In the case of the Pendolino, the smaller window, wider window pillars give the vehicles an impressive amount of strength.

Of course. A 'no window, 100% pillar ratio' would give even better strength. I depends where you want to draw the line between 100% safety (i. no windows) and real life IMHO.

Funny how this doesn't seem to apply in class 395s, which are more recently built yet have bigger windows than Pendos, despite both being 140mph units. Common sense winning out over bullsh*t? I *really really* hope so.
 

tbtc

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Funny how this doesn't seem to apply in class 395s, which are more recently built yet have bigger windows than Pendos, despite both being 140mph units. Common sense winning out over bullsh*t? I *really really* hope so.

Presumably the tilting 390s have stricter requirements?
 

bronzeonion

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All MK3 based EMU's have really badly positioned seats, then the Networkers came along where someone actually thought out that seating layout!
 

starrymarkb

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Of course. A 'no window, 100% pillar ratio' would give even better strength. I depends where you want to draw the line between 100% safety (i. no windows) and real life IMHO.

Funny how this doesn't seem to apply in class 395s, which are more recently built yet have bigger windows than Pendos, despite both being 140mph units. Common sense winning out over bullsh*t? I *really really* hope so.

There is no regulation for window size, there is a overall body strength requirement, and different manufacturers have different ways of meeting that ie Siemens use the standard German method of making everything thicker and heavier (much like the older pre 1990s Mercedes), Fiat (who designed the 1990s model Pendolino that the UK one is based on) meanwhile have been more creative with their engineering.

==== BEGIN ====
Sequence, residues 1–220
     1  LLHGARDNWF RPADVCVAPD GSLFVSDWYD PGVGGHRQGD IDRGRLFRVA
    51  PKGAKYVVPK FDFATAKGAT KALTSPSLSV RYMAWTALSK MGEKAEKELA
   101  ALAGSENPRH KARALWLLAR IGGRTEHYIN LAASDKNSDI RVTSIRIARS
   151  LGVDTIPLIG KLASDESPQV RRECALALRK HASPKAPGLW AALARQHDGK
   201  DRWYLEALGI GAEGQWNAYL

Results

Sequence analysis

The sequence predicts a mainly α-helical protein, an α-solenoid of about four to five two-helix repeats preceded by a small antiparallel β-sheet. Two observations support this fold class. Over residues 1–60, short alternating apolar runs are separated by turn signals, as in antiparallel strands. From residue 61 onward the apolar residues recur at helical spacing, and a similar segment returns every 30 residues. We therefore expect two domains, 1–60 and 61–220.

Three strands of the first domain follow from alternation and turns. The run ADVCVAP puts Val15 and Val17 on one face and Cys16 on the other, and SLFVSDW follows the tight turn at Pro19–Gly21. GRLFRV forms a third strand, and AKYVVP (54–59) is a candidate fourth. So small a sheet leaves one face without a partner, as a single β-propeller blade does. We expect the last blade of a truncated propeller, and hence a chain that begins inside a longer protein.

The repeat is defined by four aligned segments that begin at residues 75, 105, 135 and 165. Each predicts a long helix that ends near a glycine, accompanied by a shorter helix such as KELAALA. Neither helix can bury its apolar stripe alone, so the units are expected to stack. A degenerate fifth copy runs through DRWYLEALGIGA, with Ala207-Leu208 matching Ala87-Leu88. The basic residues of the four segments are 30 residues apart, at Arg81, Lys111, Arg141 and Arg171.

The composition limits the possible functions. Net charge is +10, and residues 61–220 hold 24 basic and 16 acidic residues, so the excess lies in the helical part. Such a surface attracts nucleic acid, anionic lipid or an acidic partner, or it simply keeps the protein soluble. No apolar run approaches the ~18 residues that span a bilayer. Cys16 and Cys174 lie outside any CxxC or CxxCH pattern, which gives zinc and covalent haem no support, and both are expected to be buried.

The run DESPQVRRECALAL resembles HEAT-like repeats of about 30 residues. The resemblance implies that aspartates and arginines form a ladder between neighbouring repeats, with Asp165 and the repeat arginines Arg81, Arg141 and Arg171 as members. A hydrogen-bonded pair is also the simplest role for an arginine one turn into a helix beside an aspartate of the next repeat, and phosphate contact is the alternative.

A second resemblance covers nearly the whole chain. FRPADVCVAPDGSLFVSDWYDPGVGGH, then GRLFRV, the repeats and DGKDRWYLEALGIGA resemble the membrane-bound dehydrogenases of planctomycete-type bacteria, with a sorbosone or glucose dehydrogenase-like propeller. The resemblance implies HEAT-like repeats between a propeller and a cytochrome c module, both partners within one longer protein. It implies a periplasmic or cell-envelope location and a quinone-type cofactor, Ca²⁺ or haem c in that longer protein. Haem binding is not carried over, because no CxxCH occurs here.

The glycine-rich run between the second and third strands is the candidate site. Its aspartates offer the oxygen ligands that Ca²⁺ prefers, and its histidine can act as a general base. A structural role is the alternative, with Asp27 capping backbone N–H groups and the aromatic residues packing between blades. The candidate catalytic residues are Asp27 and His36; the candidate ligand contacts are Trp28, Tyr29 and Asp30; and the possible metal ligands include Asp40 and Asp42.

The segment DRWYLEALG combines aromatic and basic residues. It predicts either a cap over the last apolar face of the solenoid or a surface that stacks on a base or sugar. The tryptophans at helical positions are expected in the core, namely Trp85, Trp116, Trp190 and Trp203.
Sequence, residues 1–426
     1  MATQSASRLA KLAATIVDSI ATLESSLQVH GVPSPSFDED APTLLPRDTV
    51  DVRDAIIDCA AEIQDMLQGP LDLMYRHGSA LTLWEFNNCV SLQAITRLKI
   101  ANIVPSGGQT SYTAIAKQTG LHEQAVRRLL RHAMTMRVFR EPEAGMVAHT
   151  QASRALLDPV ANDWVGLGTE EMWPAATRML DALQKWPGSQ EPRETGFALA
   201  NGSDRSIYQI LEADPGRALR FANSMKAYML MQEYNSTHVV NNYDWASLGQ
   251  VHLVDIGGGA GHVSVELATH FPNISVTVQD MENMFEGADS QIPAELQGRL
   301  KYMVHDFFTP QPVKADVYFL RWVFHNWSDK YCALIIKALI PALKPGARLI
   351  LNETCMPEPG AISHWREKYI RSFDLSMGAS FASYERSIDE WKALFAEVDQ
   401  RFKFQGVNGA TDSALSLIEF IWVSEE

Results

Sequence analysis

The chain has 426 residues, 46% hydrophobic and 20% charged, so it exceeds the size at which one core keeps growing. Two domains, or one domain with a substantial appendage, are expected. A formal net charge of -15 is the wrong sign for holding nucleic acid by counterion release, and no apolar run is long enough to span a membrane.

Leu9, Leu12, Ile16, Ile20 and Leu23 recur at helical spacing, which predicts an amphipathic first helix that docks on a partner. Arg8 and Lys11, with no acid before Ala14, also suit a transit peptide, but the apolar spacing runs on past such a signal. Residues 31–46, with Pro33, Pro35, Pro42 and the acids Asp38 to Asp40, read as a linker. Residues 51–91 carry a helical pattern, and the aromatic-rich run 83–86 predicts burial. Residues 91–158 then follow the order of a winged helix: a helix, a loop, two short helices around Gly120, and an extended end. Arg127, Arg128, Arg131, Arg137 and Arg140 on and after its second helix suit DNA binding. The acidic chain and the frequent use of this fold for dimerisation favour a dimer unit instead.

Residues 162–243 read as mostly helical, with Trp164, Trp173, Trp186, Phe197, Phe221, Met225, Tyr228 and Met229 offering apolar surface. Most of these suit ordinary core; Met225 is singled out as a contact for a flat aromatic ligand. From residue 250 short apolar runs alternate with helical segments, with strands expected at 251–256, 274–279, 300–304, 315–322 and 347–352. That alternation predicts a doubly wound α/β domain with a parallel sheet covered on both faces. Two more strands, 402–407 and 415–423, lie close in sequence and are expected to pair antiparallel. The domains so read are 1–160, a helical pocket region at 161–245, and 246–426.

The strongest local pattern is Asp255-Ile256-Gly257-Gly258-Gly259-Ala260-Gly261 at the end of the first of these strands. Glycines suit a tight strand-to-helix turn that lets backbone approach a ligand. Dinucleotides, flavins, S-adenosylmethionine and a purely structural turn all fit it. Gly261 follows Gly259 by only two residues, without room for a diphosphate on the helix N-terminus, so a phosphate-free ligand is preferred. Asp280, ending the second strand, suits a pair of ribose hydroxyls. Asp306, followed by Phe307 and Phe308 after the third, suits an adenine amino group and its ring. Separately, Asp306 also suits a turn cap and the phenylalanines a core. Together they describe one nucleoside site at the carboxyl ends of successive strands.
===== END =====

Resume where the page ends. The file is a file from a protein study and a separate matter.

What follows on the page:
UK and Older European Pendolinos have a structure with spars running the length of the coach, there are spars above and below the windows. This gives the coaches immense strength for their weight. Roger Ford calculated that a 26m hauled coach based on the Pendolino would be similar in weight per seat to the Mk3! The New Alstom designed Europendos (from about 2010 onwards) have much larger windows so presumably there has been a change in construction methods.
 

michael769

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Windows do not have to be a source of weakness. Glass is actually stronger than steel when under compression and it is perfectly possible to construct windows in a way that they contribute to the structural strength of a vehicles.

Modern cars are a good example of this, where the windscreen forms a critical component in the vehicle's rollover protection.
 

All Line Rover

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395's don't tilt, and after having travelled on one again yesterday, I consider the window alignment to be just as poorly designed as Pendolinos and Voyagers.